Henry the Green Engine (Book)
Henry has been feeling very sick lately. He moans about it all the time, but no-one takes any notice. The Fat Controller is threatening to replace Henry is he doesn't get better. One day, he joins the Driver and Fireman in Henry's cab. He notices that Henry is having trouble making steam properly. The Fireman blames the small size of Henry's firebox, and that Henry has the wrong sort of coal for his firebox. The Fat Controller has James get some Welsh Coal for Henry. When the Welsh Coal comes, Henry and hsi crew are very excited. Henry has to go off and pull a train. He does very well, and arrives at the station BEFORE Thomas, when he would usually arrive several minutes later.
The Flying Kipper
The "Special" Welsh Coal that Henry was given is working well. One night, Henry must take a train known as the Flying Kipper. The Flying Kipper is a train that is full of fish. The fish is brought in by boat. Henry is very excited. If he does well with the "Kipper", the Fat Controller might let him pull the express. He starts off with the train at 5.00. Henry is running well. All of the signals he passes are green. Until he finds one signal at cuation. Something's not right, the signal is yellow, but the home signal is down, which means "line clear". Henry continues on his journey. The signal should have been set at danger, ice had frozen the points from the main line to a siding, but snow had forced the signal down. A goods train was on the exact same siding that Henry had just turned onto. The Driver, Fireman, and Guard are drinking cocoa in the brake van. As the men get up to leave, Henry crashes into the train. He lies there for the rest of the night, until the next morning when the breakdown gang comes to help him. The Fat Controller knows that ice and snow caused the accident, and orders that Henry be sent to a worksshop called Crewe, to be given a new shape and larger fire box. When Henry returns, he feels wonderful, and doesn't need special coal. Unfortunately, many boys are often late for school, as they watch Henry go past, often times with the express.
Gordon has been very rude to Henry ever since he returned from Crewe. He complains that Henry whistles too much. "It isn't wrong, but we just don't do it," he says. Henry is rather upset by this. He feels much better after talking to Edward the next day. As he and Edward are in the station, the hear a loud whistling noise. Gordon comes through, looking very embarrassed, with his whistle blowing non-stop! His whistle continues acting up all day. The Fat Controller orders that Gordon be taken away, and have the noise stopped. Fianlly, a Fitter knocks Gordon's whistle back into place. Gordon goes home, happy that the shed is empty. But as Henry comes in, he whispers to no engine in particular (Gordon), "It isn't wrong, but we just don't do it."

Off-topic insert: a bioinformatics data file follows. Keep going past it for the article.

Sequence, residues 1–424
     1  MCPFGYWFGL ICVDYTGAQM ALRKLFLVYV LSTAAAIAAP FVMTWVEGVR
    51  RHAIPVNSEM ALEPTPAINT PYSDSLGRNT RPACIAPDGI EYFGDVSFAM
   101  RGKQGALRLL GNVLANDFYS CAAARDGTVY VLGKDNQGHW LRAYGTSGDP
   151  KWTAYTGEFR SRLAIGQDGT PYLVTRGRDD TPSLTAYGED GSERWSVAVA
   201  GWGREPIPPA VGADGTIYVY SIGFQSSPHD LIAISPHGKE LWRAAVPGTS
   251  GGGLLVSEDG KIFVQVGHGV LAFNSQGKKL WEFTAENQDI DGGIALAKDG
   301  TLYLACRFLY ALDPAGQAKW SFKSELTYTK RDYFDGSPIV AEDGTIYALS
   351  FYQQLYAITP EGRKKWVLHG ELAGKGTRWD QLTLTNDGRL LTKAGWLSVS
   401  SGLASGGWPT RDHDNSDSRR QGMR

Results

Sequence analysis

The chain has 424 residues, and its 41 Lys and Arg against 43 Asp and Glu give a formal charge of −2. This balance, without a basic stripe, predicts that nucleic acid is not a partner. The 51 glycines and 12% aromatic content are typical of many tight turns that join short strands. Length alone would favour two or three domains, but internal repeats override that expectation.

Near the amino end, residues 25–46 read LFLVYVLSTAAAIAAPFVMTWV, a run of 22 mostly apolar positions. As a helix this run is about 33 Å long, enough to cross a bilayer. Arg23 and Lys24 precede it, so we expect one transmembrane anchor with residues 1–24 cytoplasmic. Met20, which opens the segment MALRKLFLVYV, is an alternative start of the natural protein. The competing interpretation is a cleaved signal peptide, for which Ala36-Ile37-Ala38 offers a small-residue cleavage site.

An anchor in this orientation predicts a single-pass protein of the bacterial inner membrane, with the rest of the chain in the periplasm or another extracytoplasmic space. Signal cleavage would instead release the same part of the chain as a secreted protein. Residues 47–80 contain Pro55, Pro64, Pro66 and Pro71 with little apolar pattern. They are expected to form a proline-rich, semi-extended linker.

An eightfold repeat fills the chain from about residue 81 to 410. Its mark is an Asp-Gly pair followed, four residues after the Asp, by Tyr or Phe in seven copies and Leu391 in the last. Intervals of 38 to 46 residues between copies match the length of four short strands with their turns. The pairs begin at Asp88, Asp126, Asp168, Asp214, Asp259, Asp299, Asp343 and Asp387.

Percy and the Trousers
NOTE: "Percy and the Trousers" was adapted by a story by C. Hamilton Ellis in the book, The Trains We Loved.
Percy complains that his funnel is cold, and that he needs a scarf. Henry says that engines don't wear scarves. One day, Percy was trying to surprise some coaches by coming into the station as quietly as he could. Two porters were taking a large load, and walking backwards to see that nothing fell off. But, Percy arrived so quietly that the porters didn't hear him. He crashed into the trolley, and got covered in jam, a pair of trousers, and a certain top-hat. The Fat Controller is very cross with Percy. The trousers and top-hat were his. He must now pay for the passengers' spoiled clothes, and tells Percy not to play tricks on the coaches. Then, Percy has to go back to the yard, wearing his new trousers-scarf around his funnel.
One day, Henry was taking a train when he saw some boys standing on a bridge. As he went under the bridge, the boys threw stones at the coaches, and broke some of thier windows. Henry, his driver, and his fireman all want to pay the boys out. Henry's Driver decides that Henry will sneeze on the boys. The next day, the Driver fills Henry up with sneezing powder and ashes. As Henry passes under the bridge, he sees the boys, with stones in hand, and sneezes covering them in soot. From now on, Henry's smokebox must be cleaned while he is in the yard, because the Fat Controller doesn't like him sneezing under bridges, and Henry has never seen any more boys with stones.
- This is the only book to feature five stories. All previous and subsequent books have only four stories.
- The six main engines (Thomas, Edward, Henry, Gordon, James, and Percy) are given numbers in this book. However, Thomas has had the number 1 ever since his first appearance.
- Henry's rebuild came about because the illustrator, C. Reginald Dalby, was inconsistant with Henry's design. He made Henry look similar to Gordon. With Henry's new shape, no more mistakes were made.
- "Henry's Sneeze" caused problems for Mr. Awdry, as it was very controversial. It described the boys as being “as black as niggers”. The book was published in 1951, but complaints did not arise until 1972. After a parent wrote to Mr. Awdry on the subject, he changed the line to “as black as soot”.